These studies have examined selection and influence effects on several forms of aggression. Results have documented that youth are more likely to select peers as friends with similar levels of bullying, homophobic name-calling, sexual harassment, and relational aggression and, in some instances, socialize one another to engage in aggression toward others. Also, these youth are also similar in their attitudes toward aggression and willingness to intervene to assist victims. Implications for intervention will be discussed.
CURRICULUM VITAE (CV)
Dorothy L. Espelage, Ph.D., is Professor of Psychology at the University of Florida. She is the recipient of the APA Lifetime Achievement Award in Prevention Science and the 2016 APA Award for Distinguished Contributions to Research in Public Policy, and is a Fellow of APS, APA, and AERA.
She earned her Ph.D. in Counseling Psychology from Indiana University in 1997. Over the last 22 years, she has authored over 170 peer- reviewed articles, six edited books, and 70 chapters on bullying, homophobic teasing, sexual harassment, dating violence, and gang violence. Her research focuses on translating empirical findings into prevention and intervention programming and she has secured six and half million dollars of external funding. She advises members of Congress and Senate on bully prevention legislation.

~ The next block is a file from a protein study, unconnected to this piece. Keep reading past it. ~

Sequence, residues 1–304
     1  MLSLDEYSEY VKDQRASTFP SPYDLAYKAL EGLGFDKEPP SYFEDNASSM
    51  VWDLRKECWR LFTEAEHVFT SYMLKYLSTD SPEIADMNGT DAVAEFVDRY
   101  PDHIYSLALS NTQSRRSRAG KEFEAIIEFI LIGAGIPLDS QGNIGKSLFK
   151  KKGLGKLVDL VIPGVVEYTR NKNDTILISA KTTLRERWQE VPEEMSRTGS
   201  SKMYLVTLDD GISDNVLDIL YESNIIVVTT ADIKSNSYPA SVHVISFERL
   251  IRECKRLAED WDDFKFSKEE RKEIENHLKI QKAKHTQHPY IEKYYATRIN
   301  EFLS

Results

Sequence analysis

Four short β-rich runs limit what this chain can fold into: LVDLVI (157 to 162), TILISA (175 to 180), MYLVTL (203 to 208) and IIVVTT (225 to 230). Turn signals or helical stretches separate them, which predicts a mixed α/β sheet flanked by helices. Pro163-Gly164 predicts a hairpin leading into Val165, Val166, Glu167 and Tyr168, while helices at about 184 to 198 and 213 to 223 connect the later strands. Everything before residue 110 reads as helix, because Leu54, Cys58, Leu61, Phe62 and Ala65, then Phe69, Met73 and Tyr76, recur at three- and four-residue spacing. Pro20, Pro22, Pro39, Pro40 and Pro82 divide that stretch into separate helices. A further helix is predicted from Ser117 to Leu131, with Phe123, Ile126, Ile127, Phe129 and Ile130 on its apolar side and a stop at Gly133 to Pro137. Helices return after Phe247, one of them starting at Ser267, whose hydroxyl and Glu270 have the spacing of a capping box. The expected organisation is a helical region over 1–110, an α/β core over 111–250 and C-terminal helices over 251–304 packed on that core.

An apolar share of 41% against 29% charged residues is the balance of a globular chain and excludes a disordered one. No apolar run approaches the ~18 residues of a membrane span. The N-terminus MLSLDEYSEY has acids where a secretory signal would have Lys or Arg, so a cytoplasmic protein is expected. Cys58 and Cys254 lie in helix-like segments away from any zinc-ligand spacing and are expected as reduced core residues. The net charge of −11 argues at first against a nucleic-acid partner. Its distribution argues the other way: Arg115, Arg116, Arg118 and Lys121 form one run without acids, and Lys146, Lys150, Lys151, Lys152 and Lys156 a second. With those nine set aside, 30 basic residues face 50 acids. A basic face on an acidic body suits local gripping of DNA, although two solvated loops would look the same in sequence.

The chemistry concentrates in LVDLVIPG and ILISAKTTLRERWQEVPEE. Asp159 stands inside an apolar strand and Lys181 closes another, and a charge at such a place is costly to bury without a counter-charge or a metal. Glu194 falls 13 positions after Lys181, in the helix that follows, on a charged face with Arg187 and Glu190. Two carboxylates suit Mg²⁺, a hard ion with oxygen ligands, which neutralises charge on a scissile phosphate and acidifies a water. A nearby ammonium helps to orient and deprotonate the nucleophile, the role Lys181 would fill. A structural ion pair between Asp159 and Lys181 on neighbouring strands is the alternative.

She conducts regular webinars for CDC, NIH, and NIJ to disseminate research. She just completed a CDC-funded study that included a randomized clinical trial of a social emotional learning prevention program in 36 middle schools to reduce aggression. National Institute of Justice (NIJ) is funding her to track these kids to examine whether these effects remain as kids navigate challenges of high school. CDC is funding another RCT of this program in comparison to a gender-enhanced social-emotional program in 28 Illinois middle schools.
She just received a 5-year large grant to prevent bullying and promote school safety in high schools from NIJ. Also, she is PI on a CDC-funded grant to evaluate a youth suicide prevention program on sexual violence outcomes in 24 Colorado high schools. She authored a 2011 White House Brief on bullying among LGBTQ youth and attended the White House Conference in 2011, and has been a consultant on the stopbullying.gov website and consultant to the National Anti-bullying Campaign, Health Resources and Services Administration (HRSA) in the U.S. Department of Health and Human Services (HHS). She has presented multiple times at the Federal Partnership to End Bullying Summit and Conference.
She is a consultant to the National Institutes of Health Pathways to Prevention Initiative to address bullying and youth suicide. Dr. Espelage has appeared on many television news and talk shows, including The Today Show; CNN; CBS Evening News; The Oprah Winfrey Show, Anderson, Anderson 360 and has been quoted in the national print press, including Time Magazine, USA Today, People, Boston Globe, and the Wall Street Journal. Her dedicated team of undergraduate and graduate students are committed to the dissemination of the research through various mechanisms (www.dorothyespelage.com).